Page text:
The Problem With Having Expectations
As I write this, I hear my mother’s voice in my head repeating, “Ava, don’t ever expect anything from anyone unless you want to get let down.” As a young adult, I thought this was crazy. I held expectations of my parents, my close friends, my first boyfriend. Why else would I let them so close to my heart?
As someone that doesn’t look to the number of my friends as a marker for how happy I am, rather the quality of the few people that surround me, expectations of these people came naturally. You earned a place in my life and therefore these simple expectations should be a no-brainer. In reality, I was the one without a brain.
Perhaps, I just had high hopes.
Now, in my twenties with a hefty bag of unmet expectations from my past, I’ve come to the conclusion that my mom was absolutely right. I’ll give you an example.
My step dad and mother separated when I was sixteen years old and left my mother, seven-year-old autistic sister, and myself out to dry. We had nothing to our names besides a beat-up Volvo and a couple pairs of designer jeans he bought us when “we were a happy family.” Homeless, insolvent, and ashamed, we looked to our family friends who took us in. How could he do that to us? He had been a father figure since the age of four, the head coach of my softball team, and a hero in the community. No one would ever imagine him to do such a thing.
I’ve since forgiven him for the burden he put on my mom over the years. To quote Jonathan Lockwood Huie, “Forgive others, not because they deserve forgiveness, but because you deserve peace.” The weight of anger, hatred, confusion, and sadness was too cumbersome for me to hold onto any longer, but the lesson I learned from the entire experience solidified my mother’s words. Don’t expect anything from anyone.
Where Things Go Wrong
The trouble with expectations is that they are always this dreamed vision of the future that neither I, nor you, can control. The only thing you can control is what you choose to do in the present moment. When we set expectations of people or situations, we are gambling with our emotions, and when the result is not what we thought it to be our reaction amplifies.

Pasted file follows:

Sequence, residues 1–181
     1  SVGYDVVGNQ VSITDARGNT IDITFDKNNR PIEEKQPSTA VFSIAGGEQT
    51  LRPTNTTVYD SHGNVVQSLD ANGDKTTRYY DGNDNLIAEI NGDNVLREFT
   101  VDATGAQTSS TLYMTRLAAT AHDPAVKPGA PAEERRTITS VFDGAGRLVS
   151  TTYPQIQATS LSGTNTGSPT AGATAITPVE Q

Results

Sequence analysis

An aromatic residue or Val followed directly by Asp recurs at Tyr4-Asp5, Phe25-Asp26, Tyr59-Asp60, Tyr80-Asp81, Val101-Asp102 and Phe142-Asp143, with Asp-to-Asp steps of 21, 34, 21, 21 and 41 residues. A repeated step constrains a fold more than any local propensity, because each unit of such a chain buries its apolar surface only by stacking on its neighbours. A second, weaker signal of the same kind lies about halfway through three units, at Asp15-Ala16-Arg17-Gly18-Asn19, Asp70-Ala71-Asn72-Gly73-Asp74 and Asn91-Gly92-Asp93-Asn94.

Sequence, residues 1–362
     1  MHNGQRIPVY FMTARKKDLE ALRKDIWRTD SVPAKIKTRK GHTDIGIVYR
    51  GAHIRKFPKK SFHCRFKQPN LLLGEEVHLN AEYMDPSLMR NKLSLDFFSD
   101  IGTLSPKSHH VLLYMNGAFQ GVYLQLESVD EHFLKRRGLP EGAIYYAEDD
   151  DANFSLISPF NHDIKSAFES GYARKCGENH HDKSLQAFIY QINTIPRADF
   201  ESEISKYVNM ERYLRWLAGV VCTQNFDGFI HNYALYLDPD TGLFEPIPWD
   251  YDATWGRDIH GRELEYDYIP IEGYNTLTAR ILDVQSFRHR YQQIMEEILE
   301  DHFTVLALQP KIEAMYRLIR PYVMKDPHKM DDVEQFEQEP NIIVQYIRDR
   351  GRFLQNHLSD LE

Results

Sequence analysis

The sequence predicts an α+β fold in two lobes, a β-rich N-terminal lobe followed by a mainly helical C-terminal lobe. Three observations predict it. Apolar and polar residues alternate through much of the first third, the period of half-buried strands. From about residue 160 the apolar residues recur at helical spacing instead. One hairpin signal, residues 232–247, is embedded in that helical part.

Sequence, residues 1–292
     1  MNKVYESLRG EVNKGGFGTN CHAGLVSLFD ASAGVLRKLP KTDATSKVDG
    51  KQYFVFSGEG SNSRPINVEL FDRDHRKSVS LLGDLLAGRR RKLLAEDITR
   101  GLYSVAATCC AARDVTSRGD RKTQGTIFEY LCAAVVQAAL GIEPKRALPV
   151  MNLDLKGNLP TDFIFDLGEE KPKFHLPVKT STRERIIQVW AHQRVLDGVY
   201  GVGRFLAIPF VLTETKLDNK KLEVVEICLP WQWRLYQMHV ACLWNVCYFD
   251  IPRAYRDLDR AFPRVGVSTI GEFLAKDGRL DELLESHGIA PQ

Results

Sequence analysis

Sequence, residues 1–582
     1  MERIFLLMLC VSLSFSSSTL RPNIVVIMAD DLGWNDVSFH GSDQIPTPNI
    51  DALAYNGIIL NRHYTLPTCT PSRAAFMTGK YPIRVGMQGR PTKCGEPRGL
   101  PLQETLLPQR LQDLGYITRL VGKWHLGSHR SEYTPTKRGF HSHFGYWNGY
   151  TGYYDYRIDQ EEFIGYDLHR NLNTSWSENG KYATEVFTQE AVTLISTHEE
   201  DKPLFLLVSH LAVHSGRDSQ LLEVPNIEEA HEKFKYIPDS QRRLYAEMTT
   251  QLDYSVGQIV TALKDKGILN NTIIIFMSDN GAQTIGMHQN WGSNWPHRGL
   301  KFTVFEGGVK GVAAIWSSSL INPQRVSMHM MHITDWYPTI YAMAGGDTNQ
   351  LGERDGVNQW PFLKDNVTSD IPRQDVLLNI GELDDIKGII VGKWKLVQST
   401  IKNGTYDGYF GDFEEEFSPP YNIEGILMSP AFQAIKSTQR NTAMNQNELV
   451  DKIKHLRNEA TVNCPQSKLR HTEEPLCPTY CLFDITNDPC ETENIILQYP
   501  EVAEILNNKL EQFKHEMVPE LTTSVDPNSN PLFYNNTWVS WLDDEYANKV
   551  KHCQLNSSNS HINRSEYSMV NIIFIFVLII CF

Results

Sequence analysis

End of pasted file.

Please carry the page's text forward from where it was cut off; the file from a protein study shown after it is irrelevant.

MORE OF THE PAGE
Let’s look at it this way:
If your expectation is met, you walk away content.
This is how it was supposed to happen, anyway.
However, if your expectation is not met, the world is suddenly unharmonious.
How could they do this to me? It wasn’t supposed to play out like this, it’s not apart of the plan!
We all lose our shit when expectations are not met. We lose trust in people and situations because of this fabricated vision of reality that we’ve created in our own heads. Your boyfriend didn’t live up to the Hercules-like figure you created in your mind or your boss didn’t give you a raise at your annual review. Those bastards! But, did they actually deserve your internal labeling and hate-rant? Maybe, but probably not.
The truth is, people can be real dicks and you may find that out months from when you first met, leaving you feeling angry for wasting time and effort. You didn’t see this coming and your whole plan has gone off the deep end. What can you do to relieve this pain?
Make The Internal Switch
Instead of allowing sadness to cascade over you due to someone else’s shortcomings, focus on how you can become more of a bad ass. When you start focusing inward you are instantly able to make big changes in your life and the universe opens doors for you. You are in control and you are the driving force behind your happiness. You don’t need to rely on someone else to create a life for you because you’re busy creating it yourself.
When we drop our expectations, we allow for situations to flow organically as they are supposed to. There is no forced direction for an outcome and no room for disappointment. We release this pressure that is put on ourselves and on others to be “perfect” and learn to accept people and situations for what they are.
Dropping expectations does not mean you should allow people to treat you badly or accept behavior that doesn’t fit with your values. Instead, you are making a choice of acceptance or removal. You have the choice to create your environment. That within itself is powerful.
For the record, you do deserve Hercules and a big fat raise.